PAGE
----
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No-one likes a thorough examination. It could be a test for English, it could be a check-up at the dentist. God forbid, it could even be the prostate exam from an overweight medico with fingers like fairtrade bananas.

 

This week saw the appointment of that bogeyman figure for many Rangers fans, Peter Lawwell, to the Professional Game Board of the SFA. Leaving aside the hilarious irony of anything connected with the game in our country having the sheer balls to call itself 'professional' - the name of the new league was, for me, the highlight of the summer, an act of self-mockery and criticism not seen since the Red Guards were touring the Chinese countryside in the 1960's - you'd think the raising of another Celtic employee to another administrative role ought to have aroused some examination.

 

As things stand now with the SFL gone, the SPFL Board consists of Steven Thompson of Dundee Utd, Eric Riley of Celtic, Aberdeen’s Duncan Fraser, Les Gray from Hamilton, Mike Mulraney of Cowdenbeath and Bill Darroch of Stenhousemuir plus CEO Neil Doncaster.

 

Even Celtic fans must realise Mssrs Riley and Lawwell's various roles raise some interesting questions. Is it good for the game, or their club? Is it good for them, personally? Can they avoid conflicts of interest, and can they operate best with a work-load of this nature? What does it say about the structures which oversee the much vaunted reconstruction of the game in Scotland?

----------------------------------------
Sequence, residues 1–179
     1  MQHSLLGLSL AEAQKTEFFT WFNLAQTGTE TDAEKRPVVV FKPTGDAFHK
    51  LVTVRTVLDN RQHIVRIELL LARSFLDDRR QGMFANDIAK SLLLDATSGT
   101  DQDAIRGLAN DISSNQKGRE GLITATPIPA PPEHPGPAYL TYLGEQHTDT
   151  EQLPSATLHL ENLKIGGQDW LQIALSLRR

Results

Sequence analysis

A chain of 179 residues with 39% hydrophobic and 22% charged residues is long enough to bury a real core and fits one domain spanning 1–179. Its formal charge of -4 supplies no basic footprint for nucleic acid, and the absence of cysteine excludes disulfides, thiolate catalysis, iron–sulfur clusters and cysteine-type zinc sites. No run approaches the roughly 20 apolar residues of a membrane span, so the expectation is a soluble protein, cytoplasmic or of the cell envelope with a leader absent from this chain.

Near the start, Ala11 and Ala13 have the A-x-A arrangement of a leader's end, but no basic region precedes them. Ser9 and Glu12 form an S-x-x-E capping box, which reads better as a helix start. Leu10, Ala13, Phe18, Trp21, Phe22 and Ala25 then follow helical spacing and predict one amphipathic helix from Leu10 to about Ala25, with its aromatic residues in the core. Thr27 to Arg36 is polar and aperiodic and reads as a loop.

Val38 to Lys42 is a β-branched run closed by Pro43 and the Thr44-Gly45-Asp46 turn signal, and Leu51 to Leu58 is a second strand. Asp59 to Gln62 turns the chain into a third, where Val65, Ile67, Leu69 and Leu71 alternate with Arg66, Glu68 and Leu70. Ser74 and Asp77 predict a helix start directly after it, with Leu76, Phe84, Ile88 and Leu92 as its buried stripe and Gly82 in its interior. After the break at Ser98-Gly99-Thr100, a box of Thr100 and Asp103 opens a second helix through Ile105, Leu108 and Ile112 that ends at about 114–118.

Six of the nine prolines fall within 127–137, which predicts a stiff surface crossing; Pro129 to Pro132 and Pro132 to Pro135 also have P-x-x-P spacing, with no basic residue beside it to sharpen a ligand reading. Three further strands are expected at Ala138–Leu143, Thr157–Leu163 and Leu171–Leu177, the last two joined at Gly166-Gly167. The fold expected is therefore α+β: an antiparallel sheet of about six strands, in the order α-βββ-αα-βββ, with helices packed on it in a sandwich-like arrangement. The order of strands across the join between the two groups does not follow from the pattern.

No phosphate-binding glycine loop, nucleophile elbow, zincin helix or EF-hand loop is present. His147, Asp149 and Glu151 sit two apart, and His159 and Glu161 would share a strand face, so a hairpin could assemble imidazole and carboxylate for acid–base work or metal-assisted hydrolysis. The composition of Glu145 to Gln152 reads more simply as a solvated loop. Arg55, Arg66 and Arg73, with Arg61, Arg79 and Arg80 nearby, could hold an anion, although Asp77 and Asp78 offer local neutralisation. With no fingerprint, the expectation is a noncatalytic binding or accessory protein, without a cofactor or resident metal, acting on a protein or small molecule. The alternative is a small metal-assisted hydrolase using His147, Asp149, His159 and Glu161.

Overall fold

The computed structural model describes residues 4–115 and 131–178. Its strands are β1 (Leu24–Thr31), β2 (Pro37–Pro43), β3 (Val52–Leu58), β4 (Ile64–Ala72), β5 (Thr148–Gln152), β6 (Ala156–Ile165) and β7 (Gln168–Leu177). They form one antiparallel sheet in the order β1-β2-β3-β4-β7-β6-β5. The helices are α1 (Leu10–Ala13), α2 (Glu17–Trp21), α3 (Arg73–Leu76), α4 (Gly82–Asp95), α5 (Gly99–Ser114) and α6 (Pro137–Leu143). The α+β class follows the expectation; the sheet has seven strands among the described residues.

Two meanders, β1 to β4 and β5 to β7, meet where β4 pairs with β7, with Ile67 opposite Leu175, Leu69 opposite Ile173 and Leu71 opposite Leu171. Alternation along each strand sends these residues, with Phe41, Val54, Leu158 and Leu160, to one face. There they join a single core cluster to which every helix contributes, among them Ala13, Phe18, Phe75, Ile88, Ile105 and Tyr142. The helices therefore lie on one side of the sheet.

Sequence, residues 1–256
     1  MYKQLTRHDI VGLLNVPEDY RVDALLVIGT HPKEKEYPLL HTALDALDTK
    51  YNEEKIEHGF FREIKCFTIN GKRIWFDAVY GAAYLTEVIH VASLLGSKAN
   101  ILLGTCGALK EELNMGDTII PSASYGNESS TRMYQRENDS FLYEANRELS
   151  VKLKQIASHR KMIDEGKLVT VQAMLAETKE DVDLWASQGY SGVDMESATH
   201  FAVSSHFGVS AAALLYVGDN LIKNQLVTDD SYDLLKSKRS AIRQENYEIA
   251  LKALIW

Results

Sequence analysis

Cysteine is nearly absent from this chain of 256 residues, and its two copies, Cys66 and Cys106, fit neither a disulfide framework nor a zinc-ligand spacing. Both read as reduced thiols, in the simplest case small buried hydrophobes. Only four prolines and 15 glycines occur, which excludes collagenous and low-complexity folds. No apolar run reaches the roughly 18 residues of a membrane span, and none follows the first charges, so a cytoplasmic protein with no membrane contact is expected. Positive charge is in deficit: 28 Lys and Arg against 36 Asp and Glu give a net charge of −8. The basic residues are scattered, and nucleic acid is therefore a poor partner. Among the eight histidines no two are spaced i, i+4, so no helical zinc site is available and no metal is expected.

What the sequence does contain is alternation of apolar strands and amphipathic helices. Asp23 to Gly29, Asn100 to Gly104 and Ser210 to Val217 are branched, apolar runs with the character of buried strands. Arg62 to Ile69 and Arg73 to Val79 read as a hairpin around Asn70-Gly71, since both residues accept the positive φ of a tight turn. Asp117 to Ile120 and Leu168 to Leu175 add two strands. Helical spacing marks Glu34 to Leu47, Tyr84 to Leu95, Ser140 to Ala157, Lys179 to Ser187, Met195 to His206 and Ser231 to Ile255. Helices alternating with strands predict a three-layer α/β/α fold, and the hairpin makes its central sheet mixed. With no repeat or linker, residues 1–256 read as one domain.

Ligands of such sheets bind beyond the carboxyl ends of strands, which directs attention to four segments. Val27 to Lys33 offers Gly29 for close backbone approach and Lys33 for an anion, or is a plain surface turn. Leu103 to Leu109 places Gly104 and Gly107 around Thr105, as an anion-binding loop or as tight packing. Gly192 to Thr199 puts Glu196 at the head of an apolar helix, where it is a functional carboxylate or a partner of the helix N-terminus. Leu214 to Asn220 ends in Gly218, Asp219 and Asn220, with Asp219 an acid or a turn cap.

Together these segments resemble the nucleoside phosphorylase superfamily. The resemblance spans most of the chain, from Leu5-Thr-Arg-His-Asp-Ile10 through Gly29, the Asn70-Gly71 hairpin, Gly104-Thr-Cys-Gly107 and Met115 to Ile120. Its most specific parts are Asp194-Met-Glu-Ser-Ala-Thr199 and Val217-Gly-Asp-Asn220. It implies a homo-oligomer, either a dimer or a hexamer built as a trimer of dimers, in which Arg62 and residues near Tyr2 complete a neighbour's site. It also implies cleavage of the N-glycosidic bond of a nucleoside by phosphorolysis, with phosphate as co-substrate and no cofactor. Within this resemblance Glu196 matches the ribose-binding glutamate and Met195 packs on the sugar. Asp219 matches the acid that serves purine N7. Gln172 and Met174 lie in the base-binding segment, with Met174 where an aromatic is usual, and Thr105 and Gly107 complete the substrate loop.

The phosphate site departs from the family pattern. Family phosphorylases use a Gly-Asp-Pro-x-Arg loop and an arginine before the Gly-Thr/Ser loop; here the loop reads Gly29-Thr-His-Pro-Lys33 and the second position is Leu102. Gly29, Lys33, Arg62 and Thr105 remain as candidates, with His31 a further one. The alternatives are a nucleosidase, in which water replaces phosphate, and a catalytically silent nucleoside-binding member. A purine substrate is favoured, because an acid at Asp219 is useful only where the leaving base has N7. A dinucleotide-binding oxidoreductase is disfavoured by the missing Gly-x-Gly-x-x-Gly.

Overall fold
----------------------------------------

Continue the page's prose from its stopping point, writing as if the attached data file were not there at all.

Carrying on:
Gersnet poster Brahim Hemdani sums up the bemusement may feel when he said "Quite why the other clubs think that having two represetatives from one club in the top echelons of power is appropriate is beyond my comprehension but that is the state of play that we have to live with."

 

I ask these questions because they will affect us, like every other club, and because the overall coverage of the move has been muted to the point of fearful censorship. Tom English has taken refuge in slating OF fans for being loonballs rather than look at the appointment itself, while no-one else seems to have mentioned it at all.

 

Maybe no-one is a little concerned that one club looms quite so large over the landscape (you may recall Kenny Shiels swift demotion by the ever sensitive Pacific Quay from colourful entertainer to highly suspicious proto-bigot when he touched on this subject), or, more likely, maybe they're worn out by all these saga and don't care anymore.

 

Dangerous attitude, if true. We need to care.

 

My own view is that no-one from either Rangers or celtc should be on any governing body, nor anyone with a connection to them. Rules out a hell of a lot of people, doesn't it? But look at the history! Since the mid-1980's, the Old Firm have more or less run the game. First them then us have been, during that time, complete basket cases. Prior to that, with faceless, anonymous men who enjoyed the benefits, yes, but were primarily upholders of the game as a concept - that is, as a sport - Scotland actually did not too badly, certainly by comparison with its later, hideous self.